Distal Radius Fracture (Broken Wrist)
What is a distal radius fracture?
A distal radius fracture, or broken wrist, is a common bone fracture.
The wrist is a complex collection of bones and joints that join the hand to the forearm. The radius is the larger of the two forearm bones. The end closest to the wrist is called the distal end. A fracture of the distal radius occurs when this area of the radius breaks.
What causes a distal radius fracture?
The most common cause of a broken wrist is a fall on an outstretched arm. Athletes who play contact sports, as well as skiers, cyclists and inline skaters, are especially at risk. Other causes include trauma, such as a car accident, or osteoporosis (thinning bones).
What are the symptoms?
Symptoms of a broken wrist typically include:
- Difficulty moving the fingers, hand or wrist
- Numbness or tingling in the fingers
In severe cases, the wrist may appear deformed
How is a broken wrist diagnosed?
Your doctor will order an X-ray to confirm the diagnosis.
What is the treatment?
Treatment depends on the severity of the fracture, your age and activity level, and your overall health. It is important that you are carefully screened by a qualified orthopedic surgeon as soon as possible to determine the most appropriate treatment and ensure the bones heal in proper alignment.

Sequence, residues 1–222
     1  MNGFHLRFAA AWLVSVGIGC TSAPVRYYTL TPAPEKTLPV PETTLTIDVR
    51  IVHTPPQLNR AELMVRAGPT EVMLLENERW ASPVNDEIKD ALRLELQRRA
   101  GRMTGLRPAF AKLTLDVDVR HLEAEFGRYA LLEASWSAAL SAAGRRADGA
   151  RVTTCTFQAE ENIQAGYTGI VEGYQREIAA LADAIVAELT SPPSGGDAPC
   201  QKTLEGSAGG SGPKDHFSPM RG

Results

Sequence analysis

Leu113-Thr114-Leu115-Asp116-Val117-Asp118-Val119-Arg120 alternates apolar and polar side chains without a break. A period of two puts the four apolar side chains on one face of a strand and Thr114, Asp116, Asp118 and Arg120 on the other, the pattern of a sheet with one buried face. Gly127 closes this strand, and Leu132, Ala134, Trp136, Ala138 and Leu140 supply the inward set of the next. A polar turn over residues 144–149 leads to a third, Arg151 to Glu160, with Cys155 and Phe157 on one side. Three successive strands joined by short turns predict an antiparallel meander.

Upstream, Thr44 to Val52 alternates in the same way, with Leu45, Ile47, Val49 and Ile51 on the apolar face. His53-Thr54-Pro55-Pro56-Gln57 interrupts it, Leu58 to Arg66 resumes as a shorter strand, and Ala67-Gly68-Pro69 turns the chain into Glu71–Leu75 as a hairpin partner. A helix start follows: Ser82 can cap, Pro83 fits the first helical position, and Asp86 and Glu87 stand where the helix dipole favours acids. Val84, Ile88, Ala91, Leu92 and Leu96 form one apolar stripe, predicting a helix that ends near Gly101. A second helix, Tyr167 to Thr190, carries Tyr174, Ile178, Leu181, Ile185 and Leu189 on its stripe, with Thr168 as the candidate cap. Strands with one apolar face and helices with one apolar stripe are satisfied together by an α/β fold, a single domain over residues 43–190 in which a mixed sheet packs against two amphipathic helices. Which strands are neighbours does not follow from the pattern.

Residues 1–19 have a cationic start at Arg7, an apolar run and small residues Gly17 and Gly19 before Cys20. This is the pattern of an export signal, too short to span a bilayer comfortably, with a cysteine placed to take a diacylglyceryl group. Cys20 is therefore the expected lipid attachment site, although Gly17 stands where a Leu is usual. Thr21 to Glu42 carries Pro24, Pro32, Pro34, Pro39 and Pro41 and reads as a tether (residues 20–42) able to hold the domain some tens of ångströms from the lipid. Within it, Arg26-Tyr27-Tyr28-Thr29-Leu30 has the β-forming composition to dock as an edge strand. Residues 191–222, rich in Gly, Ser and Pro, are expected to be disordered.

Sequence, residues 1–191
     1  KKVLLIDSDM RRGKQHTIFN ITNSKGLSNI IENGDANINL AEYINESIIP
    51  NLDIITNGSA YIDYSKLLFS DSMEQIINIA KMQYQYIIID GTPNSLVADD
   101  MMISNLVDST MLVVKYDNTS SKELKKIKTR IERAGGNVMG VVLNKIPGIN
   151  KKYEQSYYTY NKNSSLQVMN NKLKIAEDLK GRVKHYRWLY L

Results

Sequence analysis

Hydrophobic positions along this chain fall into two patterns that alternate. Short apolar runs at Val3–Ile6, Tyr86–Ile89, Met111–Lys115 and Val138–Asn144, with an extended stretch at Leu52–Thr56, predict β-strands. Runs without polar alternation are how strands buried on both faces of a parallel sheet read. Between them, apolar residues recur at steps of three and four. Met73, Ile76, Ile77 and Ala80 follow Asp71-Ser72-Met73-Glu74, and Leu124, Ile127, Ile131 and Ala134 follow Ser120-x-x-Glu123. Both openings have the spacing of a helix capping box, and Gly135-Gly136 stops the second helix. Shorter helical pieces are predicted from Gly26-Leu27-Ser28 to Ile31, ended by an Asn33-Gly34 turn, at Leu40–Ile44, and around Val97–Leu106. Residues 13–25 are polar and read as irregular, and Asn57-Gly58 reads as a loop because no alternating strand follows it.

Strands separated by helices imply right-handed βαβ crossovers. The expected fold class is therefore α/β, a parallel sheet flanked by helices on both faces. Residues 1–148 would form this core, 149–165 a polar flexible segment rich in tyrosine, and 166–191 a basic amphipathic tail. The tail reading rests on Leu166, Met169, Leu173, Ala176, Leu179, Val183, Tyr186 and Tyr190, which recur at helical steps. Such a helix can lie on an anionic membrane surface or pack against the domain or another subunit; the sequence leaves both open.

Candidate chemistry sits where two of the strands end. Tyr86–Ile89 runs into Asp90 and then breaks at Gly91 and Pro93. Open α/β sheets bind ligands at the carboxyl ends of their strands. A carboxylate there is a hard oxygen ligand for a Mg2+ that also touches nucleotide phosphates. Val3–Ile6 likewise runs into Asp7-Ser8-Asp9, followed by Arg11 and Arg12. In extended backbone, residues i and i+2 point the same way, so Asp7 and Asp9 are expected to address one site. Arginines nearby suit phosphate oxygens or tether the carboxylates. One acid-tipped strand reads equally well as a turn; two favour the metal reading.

- Non-surgical treatment includes immobilization in a splint or cast, non-steroidal anti-inflammatory drugs or prescription pain medication. This is often followed by rehabilitation exercises or physical therapy to reduce stiffness and restore movement.
- Surgery is required if the bone is so out of place it cannot be corrected in a cast. Typically, the surgeon makes an incision to directly access the broken bones and improve alignment. Internal fixation devices such as plates and screws or pins are used to maintain proper position of your bones during healing.
Rehabilitation from both non-surgical and surgical treatment can be a long process. It may take a few months, or longer, for severe injuries to heal completely. In both cases, patients are usually able to resume light activities within one to two months, and more vigorous sports and activities within three to six months.